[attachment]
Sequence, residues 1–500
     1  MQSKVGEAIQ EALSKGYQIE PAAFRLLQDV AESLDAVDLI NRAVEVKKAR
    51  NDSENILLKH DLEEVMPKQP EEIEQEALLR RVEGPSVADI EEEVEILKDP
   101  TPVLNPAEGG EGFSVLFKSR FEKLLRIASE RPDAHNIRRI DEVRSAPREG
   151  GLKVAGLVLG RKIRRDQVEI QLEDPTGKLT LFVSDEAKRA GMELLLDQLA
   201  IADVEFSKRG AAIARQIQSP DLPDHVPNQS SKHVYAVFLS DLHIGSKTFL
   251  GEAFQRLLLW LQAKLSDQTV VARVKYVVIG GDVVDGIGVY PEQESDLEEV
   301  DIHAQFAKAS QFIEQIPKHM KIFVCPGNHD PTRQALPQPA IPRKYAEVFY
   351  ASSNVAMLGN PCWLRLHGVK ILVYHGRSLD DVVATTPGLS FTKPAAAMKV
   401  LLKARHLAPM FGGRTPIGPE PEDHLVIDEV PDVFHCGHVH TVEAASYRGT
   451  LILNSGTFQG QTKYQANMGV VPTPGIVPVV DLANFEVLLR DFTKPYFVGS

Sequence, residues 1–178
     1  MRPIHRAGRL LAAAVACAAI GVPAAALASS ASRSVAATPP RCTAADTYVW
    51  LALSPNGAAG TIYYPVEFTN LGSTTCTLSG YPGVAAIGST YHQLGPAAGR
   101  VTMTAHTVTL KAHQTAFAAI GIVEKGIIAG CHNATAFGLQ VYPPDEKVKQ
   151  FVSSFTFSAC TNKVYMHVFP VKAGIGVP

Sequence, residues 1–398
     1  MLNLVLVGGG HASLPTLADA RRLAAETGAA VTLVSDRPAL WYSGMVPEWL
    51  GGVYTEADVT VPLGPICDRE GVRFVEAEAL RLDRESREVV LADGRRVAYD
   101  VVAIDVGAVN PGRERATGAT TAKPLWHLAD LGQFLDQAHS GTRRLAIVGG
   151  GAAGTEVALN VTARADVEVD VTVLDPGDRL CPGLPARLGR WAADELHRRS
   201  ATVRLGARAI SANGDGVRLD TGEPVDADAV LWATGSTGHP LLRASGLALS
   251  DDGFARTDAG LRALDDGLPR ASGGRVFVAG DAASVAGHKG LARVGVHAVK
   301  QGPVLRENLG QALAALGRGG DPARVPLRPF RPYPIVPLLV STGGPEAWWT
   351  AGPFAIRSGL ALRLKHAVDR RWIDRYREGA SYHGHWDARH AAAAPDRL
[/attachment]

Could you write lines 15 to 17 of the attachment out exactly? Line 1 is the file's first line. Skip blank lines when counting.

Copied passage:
   101  VTMTAHTVTL KAHQTAFAAI GIVEKGIIAG CHNATAFGLQ VYPPDEKVKQ
   151  FVSSFTFSAC TNKVYMHVFP VKAGIGVP

Sequence, residues 1–398